director Yasujirō Ozu
Yasujirō Ozu has been referred to as “the most Japanese of Japanese directors”. Where I picked that up was, I think, from a supplemental booklet at the San Francisco Silent Film Festival at some point. And while I think I understand what that statement is meant to imply, I am forced to wonder at whether that is a Western perspective rather than a Japanese one.
The more of Ozu’s films I see, I still have yet to have fully developed a perspective other than some of the generalities shared by others.
Still, Ozu in color is something different. Ohayo, or Good Morning, is the second of his color films, the second of six, which would turn out to be his last (he died in 1963 on his 60th birthday). It’s a comedy and an ensemble drama, a portrait of families living in tight proximity in the transitional times of the late 1950’s, where tradition and technologies are mingling and changing the lives of the average person.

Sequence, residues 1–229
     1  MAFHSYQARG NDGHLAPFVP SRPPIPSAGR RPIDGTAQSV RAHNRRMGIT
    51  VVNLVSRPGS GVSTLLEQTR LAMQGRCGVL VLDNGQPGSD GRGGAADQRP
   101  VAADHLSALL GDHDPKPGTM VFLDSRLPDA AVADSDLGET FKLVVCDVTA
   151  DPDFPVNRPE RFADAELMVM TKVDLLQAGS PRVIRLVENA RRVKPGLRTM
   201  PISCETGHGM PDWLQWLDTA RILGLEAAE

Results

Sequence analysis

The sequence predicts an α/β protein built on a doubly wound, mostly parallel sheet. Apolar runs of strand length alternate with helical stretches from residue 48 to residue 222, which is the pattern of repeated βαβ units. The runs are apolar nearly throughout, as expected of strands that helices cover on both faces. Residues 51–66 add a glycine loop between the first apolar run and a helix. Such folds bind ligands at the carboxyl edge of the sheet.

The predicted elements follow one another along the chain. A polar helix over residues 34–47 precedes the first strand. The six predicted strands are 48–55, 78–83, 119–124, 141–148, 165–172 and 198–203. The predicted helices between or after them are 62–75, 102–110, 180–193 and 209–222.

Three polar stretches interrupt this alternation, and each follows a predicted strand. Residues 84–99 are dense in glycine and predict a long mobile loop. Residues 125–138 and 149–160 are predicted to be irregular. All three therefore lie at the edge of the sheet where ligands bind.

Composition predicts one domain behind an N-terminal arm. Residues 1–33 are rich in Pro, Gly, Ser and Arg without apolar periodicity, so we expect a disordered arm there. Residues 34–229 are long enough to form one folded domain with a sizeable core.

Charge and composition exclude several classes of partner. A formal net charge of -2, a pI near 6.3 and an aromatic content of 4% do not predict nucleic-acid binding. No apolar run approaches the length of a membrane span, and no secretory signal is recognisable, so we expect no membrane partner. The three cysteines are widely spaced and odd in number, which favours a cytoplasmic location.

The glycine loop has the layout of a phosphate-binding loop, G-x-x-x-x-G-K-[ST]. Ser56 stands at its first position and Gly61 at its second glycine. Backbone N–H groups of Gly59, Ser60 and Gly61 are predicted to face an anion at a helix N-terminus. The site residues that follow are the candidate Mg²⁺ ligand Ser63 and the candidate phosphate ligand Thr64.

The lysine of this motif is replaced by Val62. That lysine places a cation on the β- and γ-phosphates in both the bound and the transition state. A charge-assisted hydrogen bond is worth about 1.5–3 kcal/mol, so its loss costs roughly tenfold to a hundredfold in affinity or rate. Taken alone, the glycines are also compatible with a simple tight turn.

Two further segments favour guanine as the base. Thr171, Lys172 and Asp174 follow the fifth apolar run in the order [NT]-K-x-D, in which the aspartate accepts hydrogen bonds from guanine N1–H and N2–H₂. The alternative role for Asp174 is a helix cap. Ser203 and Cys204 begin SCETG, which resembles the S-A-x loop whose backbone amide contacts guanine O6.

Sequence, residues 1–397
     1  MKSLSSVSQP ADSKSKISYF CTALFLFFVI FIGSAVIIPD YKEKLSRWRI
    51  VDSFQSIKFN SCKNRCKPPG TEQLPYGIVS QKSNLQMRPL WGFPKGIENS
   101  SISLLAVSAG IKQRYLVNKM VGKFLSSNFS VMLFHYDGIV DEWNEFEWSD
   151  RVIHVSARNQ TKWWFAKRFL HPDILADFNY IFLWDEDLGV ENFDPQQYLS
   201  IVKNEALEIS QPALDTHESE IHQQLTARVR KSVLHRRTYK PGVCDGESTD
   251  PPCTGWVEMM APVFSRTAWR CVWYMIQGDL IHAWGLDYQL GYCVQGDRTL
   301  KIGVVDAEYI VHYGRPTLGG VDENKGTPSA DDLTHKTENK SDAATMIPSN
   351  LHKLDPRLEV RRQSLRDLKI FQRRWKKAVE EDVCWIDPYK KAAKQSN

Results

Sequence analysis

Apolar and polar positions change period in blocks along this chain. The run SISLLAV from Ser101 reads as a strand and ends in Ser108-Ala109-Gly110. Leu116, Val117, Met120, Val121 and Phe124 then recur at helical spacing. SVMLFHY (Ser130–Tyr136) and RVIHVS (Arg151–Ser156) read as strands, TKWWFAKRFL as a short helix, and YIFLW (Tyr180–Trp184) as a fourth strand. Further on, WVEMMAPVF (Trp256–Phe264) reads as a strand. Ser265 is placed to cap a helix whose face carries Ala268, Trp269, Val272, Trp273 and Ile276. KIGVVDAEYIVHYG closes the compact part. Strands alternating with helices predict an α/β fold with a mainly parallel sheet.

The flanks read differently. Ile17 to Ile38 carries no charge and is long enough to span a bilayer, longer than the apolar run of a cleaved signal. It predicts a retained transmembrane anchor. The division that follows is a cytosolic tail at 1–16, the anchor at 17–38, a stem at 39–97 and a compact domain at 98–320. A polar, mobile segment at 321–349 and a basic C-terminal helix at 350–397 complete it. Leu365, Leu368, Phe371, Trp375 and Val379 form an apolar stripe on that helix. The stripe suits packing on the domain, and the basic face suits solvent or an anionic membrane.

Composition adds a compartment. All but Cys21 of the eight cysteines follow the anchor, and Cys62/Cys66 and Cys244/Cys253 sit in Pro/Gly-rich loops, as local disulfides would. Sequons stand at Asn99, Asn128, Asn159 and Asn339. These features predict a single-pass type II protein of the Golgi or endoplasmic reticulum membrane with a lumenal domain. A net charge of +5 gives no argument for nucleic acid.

Light in tone, and as understated as ever, it’s a film in which not a whole lot happens. The biggest dramas are over some misplaced club dues, a man whose potential hard times are improved by finding a new job, and boys who protest their family to buy a television set. The protest is one of a vow of silence, which the boys undertake to the amusement of their family, but to the consternation of their neighbors. It’s the simple inane niceties such as saying “good morning” that grease the wheel of social interaction and also threaten to break it down.
Masahiko Shimazu, who plays little Isamu, pretty much steals the show. He’s pretty hilarious.
Ozu, all understatement and subtlety, is deceptively deep and contemplative. Rich upon further consideration and study. The most Japanese of Japanese filmmakers? I don’t know if I can comment on that myself.